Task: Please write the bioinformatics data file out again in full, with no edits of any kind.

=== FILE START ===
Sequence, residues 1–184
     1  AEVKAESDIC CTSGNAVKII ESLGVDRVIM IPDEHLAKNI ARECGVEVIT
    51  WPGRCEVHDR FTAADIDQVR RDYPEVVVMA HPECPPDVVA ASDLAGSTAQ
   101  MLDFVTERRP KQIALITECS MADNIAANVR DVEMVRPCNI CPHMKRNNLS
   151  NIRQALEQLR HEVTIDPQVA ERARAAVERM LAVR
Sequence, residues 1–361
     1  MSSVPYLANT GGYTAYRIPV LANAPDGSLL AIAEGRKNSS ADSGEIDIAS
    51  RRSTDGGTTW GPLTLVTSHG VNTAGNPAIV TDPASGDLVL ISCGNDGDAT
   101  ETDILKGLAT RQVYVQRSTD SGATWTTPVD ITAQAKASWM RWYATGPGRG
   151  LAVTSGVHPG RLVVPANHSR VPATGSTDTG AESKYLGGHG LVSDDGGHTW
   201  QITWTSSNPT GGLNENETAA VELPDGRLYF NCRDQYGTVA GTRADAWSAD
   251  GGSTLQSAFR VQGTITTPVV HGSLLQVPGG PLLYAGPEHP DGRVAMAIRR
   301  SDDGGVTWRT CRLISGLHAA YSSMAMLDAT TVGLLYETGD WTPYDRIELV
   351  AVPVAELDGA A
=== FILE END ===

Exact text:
Sequence, residues 1–184
     1  AEVKAESDIC CTSGNAVKII ESLGVDRVIM IPDEHLAKNI ARECGVEVIT
    51  WPGRCEVHDR FTAADIDQVR RDYPEVVVMA HPECPPDVVA ASDLAGSTAQ
   101  MLDFVTERRP KQIALITECS MADNIAANVR DVEMVRPCNI CPHMKRNNLS
   151  NIRQALEQLR HEVTIDPQVA ERARAAVERM LAVR
Sequence, residues 1–361
     1  MSSVPYLANT GGYTAYRIPV LANAPDGSLL AIAEGRKNSS ADSGEIDIAS
    51  RRSTDGGTTW GPLTLVTSHG VNTAGNPAIV TDPASGDLVL ISCGNDGDAT
   101  ETDILKGLAT RQVYVQRSTD SGATWTTPVD ITAQAKASWM RWYATGPGRG
   151  LAVTSGVHPG RLVVPANHSR VPATGSTDTG AESKYLGGHG LVSDDGGHTW
   201  QITWTSSNPT GGLNENETAA VELPDGRLYF NCRDQYGTVA GTRADAWSAD
   251  GGSTLQSAFR VQGTITTPVV HGSLLQVPGG PLLYAGPEHP DGRVAMAIRR
   301  SDDGGVTWRT CRLISGLHAA YSSMAMLDAT TVGLLYETGD WTPYDRIELV
   351  AVPVAELDGA A